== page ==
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English Church Architecture -



BABRAHAM, St. Peter (TL 509 505)     (July 2005)

(Bedrock:  Upper Cretaceous, Lower Chalk)


Situated behind the village next to the former hall, this church (shown left, from the southeast) consists of a short unbuttressed tower, an aisled nave with N. and S. porches, and a chancel, and is constructed of the usual mix of flints and other fieldstones, now with pantiles for the chancel roof.  The style today is largely Perpendicular, albeit that the aisle windows have mostly been renewed:  the straightened reticulation units in the heads of the tower bell-openings suggest a date around the third quarter of the fourteenth century for this work (see Appendix 2), while the two-light, square-headed, uncusped and untraceried windows in the N. porch and clerestory, must surely be Tudor.  However, the chancel retains a lowside, transomed S. window formed of a quatrefoil above two trefoil-cusped lancet lights, which could go back to c. 1300, and the blocked lancet in the N. wall could be earlier still, together with the rather incompetent window adjacent, formed of two lancets set in a wider arch with a void in the head.


Inside the church, the four-bay aisle arcades are again Perpendicular and supported on compound piers with semi-octagonal shafts towards the openings and wave mouldings to north and south.  The wide chancel arch has semi-octagonal responds and one flat and one hollow chamfer above, which would fit the date proposed for the lowside S. window. (See the N. arcade and chancel arch, illustrated right.) The tower arch, now obscured by the organ gallery and apparently overlooked by Pevsner, is actually Norman, being round and of exceptional thickness.  However, the building seems to have no other twelfth century features (unless one includes the small renewed round-headed window in the tower W. wall), and to judge by the wall thicknesses, it seems likely that it is only a portion of the tower E. wall (or, which is the same thing, the nave W. wall) which survives from this period, when perhaps the church was tower-less and this arch formed an outer doorway.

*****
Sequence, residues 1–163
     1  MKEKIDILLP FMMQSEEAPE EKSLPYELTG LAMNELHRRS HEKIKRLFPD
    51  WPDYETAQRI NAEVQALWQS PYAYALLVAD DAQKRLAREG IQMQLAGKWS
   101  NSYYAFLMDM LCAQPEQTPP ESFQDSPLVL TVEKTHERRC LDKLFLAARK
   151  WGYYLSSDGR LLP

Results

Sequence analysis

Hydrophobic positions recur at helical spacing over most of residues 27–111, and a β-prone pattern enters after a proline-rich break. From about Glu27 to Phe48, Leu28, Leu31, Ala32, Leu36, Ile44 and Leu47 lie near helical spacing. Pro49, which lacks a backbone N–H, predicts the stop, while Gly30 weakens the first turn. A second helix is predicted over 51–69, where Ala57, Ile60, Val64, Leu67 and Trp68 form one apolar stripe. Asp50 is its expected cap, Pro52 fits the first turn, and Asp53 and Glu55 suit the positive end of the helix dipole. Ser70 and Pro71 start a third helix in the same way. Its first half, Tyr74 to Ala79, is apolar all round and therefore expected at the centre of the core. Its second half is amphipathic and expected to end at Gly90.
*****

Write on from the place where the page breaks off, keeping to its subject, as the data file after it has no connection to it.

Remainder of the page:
Woodwork at St. Peter’s includes the pulpit, which appears to have been remodelled but is Perpendicular in parts. The altar rail is Carolean and inscribed 1665 on the gate.


The church’s principal monument (shown left) stands against the E. wall of the S. aisle, the floor of which has been raised to create a low vault beneath.  The monument commemorates the brothers Sir Richard and Sir Thomas Bennett (d. 1658  and 1667 respectively), who married two sisters and endowed a charity in the village.  It features two standing effigies, one facing west and the other north, each “spectrally thin and joyless in their surging... draperies...  Their gesticulating also is... un-English, and in weird contrast to their gaunt faces.”  (Pevsner).